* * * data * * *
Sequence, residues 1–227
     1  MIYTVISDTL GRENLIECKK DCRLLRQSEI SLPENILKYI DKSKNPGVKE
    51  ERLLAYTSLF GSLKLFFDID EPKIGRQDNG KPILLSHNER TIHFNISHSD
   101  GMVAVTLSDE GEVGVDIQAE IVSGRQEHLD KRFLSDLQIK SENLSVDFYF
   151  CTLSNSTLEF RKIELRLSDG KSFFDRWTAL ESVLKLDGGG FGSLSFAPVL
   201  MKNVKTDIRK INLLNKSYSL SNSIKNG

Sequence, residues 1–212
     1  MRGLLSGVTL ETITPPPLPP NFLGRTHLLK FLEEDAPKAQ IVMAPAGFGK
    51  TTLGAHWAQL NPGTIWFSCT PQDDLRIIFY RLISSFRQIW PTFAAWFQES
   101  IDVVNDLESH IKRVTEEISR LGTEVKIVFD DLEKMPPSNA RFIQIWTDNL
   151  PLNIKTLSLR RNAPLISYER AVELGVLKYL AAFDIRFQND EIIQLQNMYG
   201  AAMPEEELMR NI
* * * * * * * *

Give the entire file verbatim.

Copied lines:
Sequence, residues 1–227
     1  MIYTVISDTL GRENLIECKK DCRLLRQSEI SLPENILKYI DKSKNPGVKE
    51  ERLLAYTSLF GSLKLFFDID EPKIGRQDNG KPILLSHNER TIHFNISHSD
   101  GMVAVTLSDE GEVGVDIQAE IVSGRQEHLD KRFLSDLQIK SENLSVDFYF
   151  CTLSNSTLEF RKIELRLSDG KSFFDRWTAL ESVLKLDGGG FGSLSFAPVL
   201  MKNVKTDIRK INLLNKSYSL SNSIKNG

Sequence, residues 1–212
     1  MRGLLSGVTL ETITPPPLPP NFLGRTHLLK FLEEDAPKAQ IVMAPAGFGK
    51  TTLGAHWAQL NPGTIWFSCT PQDDLRIIFY RLISSFRQIW PTFAAWFQES
   101  IDVVNDLESH IKRVTEEISR LGTEVKIVFD DLEKMPPSNA RFIQIWTDNL
   151  PLNIKTLSLR RNAPLISYER AVELGVLKYL AAFDIRFQND EIIQLQNMYG
   201  AAMPEEELMR NI